Tag Archives: social media

It’s the Most Wonderful Time of the Year—maybe not!

frustrated_at_my_desk_400_clr_8478It may seem counter-intuitive, but for many people the holiday season is anything but the most wonderful time of the year. There are many reasons why a person might experience the “holiday blues” and it’s an especially difficult time of the year for those who suffer from clinical depression. Feeling “down” during the holidays can be especially trying because there’s the sense that everyone else is feeling merry.

Regular readers know that I’ve spent the past year becoming gatekeeper trained and a NAMI (National Alliance for Mental Illness) Certified Mental Health First Aid Specialist for both youth and adults. I did this in a large part so I could offer the training required to bring folks into compliance with the recent law (LD 609) that requires all Maine school employees to receive basic suicide prevention education.*

One of the things I learned during my training was that Facebook has a system in place that allows users to report posts that reflect bullying or the potential for self-harm. This was, it seemed to me, a fairly well-kept secret. I intend to include it in any training I offer and, hopefully, “spread the word.”

So this morning, I decided to “vet” the process before I shared it with you. I have good news and bad news. The good news is most social media platforms have taken suicide prevent seriously. The bad news is that, true to form, Facebook has changed the methodology several times since introducing it several years ago. While it’s still relatively easy to report, it’s not exactly intuitive.

If you see a post that raises some concerns (examples would be hopelessness, despair, obsessive thoughts about death) on Facebook, you may click the down arrow at the top right of that post. Next click on the drop down menu “report photo (or post).” On the next drop down, click “I think it shouldn’t be…” On the next drop down, click “Something else.” This will finally take you to the option of reporting the potential for self-harm. These steps “worked” as of this morning, December 2, 2015.

Personally, I think it should be easier. Frankly, I also have some concerns about whether or not it truly generates action. On unrelated issues I’ve found Facebook less than responsive. Supposedly a “team of experts” will immediately take action and reach out to the poster with an offer to chat, resources, etc.

I’d therefore encourage anyone who sees a post that creates concern to reach out personally with an offer to talk and listen, encouraging the poster to call a hotline. This might sound scary, but compassion and caring are all that are required to intervene—you do not have to be an “expert.”

An important resource is the Facebook Help Center—the link is https://www.facebook.com/help/594991777257121/ and it’s worth visiting before you need it. This link should take you directly to the safety resources page covering suicide prevention, bullying, etc.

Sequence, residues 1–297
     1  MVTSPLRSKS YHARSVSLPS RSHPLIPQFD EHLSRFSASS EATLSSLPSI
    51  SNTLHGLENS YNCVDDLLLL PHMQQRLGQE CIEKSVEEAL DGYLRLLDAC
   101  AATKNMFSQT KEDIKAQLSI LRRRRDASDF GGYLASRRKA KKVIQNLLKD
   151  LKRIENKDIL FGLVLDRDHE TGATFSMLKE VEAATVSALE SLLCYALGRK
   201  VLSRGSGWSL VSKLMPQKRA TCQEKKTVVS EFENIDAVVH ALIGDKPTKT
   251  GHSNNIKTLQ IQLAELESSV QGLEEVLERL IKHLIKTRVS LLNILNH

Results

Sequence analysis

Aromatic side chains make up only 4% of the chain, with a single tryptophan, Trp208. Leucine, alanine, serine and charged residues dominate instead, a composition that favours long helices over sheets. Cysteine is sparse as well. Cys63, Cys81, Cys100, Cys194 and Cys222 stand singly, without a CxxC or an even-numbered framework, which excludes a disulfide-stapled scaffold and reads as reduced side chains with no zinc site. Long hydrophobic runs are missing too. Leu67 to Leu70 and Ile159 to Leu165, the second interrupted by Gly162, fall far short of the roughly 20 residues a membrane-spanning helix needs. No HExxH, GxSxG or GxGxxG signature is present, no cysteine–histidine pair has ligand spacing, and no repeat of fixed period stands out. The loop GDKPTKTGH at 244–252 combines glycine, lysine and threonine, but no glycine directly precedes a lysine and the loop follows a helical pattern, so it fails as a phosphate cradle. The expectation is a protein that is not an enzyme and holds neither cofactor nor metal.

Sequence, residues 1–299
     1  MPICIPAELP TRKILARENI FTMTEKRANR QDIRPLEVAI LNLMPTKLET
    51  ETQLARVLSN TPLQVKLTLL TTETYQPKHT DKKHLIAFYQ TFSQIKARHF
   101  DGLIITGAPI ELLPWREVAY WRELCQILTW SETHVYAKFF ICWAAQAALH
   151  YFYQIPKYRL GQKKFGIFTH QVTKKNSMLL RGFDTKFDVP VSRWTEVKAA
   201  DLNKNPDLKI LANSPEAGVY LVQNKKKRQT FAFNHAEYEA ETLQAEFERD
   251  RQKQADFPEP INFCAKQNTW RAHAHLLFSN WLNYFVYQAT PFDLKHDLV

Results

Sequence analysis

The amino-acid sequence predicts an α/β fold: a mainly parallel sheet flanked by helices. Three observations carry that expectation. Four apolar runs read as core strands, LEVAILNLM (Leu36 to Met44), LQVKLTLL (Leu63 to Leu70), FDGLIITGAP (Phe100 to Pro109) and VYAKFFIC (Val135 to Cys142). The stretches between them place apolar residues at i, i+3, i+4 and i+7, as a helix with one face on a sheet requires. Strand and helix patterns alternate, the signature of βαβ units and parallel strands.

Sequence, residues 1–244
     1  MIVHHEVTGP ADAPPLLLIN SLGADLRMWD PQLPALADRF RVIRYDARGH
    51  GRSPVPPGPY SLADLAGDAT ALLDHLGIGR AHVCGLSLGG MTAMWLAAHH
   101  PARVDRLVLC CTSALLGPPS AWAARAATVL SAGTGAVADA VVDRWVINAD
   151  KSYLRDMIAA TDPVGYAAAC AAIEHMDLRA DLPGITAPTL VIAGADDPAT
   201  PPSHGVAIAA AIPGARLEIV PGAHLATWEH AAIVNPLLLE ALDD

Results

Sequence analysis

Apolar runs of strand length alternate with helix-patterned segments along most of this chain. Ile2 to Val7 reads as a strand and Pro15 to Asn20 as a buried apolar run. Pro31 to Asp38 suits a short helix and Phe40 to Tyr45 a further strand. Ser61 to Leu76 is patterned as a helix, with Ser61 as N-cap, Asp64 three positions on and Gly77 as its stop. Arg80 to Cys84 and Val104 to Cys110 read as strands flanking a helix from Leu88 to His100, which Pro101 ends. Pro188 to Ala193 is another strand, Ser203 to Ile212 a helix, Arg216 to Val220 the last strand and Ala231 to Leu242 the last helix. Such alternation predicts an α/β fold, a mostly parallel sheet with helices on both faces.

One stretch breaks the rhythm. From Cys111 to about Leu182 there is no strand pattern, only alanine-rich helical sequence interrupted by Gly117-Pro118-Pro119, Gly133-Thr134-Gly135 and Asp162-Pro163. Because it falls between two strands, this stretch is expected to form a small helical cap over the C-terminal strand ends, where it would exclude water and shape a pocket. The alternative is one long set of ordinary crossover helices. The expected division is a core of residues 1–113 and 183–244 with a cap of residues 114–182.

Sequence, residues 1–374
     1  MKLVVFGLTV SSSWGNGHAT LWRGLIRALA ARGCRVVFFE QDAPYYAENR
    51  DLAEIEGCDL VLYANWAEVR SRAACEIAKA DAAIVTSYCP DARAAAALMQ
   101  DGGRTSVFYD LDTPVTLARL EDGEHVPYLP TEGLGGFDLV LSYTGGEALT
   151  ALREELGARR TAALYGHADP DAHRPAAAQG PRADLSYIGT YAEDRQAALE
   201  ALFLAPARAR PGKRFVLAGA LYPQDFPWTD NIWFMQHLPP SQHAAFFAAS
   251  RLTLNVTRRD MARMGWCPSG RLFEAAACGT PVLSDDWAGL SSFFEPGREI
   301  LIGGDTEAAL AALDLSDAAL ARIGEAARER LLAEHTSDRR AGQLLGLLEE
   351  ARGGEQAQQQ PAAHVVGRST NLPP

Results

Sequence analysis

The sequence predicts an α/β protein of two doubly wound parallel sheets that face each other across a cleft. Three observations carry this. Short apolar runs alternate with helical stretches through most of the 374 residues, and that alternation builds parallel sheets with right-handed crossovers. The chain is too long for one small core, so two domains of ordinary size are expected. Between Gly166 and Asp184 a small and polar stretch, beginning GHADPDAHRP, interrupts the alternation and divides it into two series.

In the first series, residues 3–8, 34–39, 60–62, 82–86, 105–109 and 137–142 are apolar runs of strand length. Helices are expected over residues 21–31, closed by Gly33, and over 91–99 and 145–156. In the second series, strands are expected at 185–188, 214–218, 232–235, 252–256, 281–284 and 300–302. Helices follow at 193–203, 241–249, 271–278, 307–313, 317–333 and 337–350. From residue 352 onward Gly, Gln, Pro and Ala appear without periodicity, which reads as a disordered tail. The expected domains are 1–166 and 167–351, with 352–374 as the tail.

Another resource can be found at http://www.suicidepreventionlifeline.org/gethelp/online.aspx where you’ll find links to methods for other social media such as Twitter, YouTube, etc.

Information and course dates will be posted soon. The two-hour program is designed to raise awareness about suicide risk factors and warning signs and to provide information on what steps to take if suicide is suspected. While focused on students and youth, the information and skills learned are appropriate for use with anyone who might be feeling suicidal, no matter what their age.

Hotline Numbers

A World At School

A few disclaimers… I have not “vetted” this organization, but on the surface (and given they aren’t asking for money) it looks legitimate. I would also note that I’m not attempting to make a political statement by posting this. I don’t label myself as such but a reality is I’m a big advocate for kids and for schools. That’s probably why my cousin in Australia sent me the information. She knew I’d be unable to resist.

A World at School is an initiative from Theirworld, a UK charity founded in 2002 by Sarah Brown to make a difference to the lives of some of the UK’s most vulnerable babies, children and young people. The initiative includes young people around the world uniting with thousands of community networks in a mass signature drive to make sure political leaders keep an earlier promise to give every child the chance to go to school.

World leaders are meeting at the UN General Assembly in September 2015. This will be a key moment to change the lives of children all across the world. The world’s biggest petition in history would most certainly make its mark at this meeting. (The goal of the petition is 25 million signups.)

At first this all seems totally crazy. I have always doubted the value of online petitions, but I do understand the potential power of social media and, in this case, world-wide pressure. There are a number of resources available on the World at School website. That’s also the place where you can sign the petition.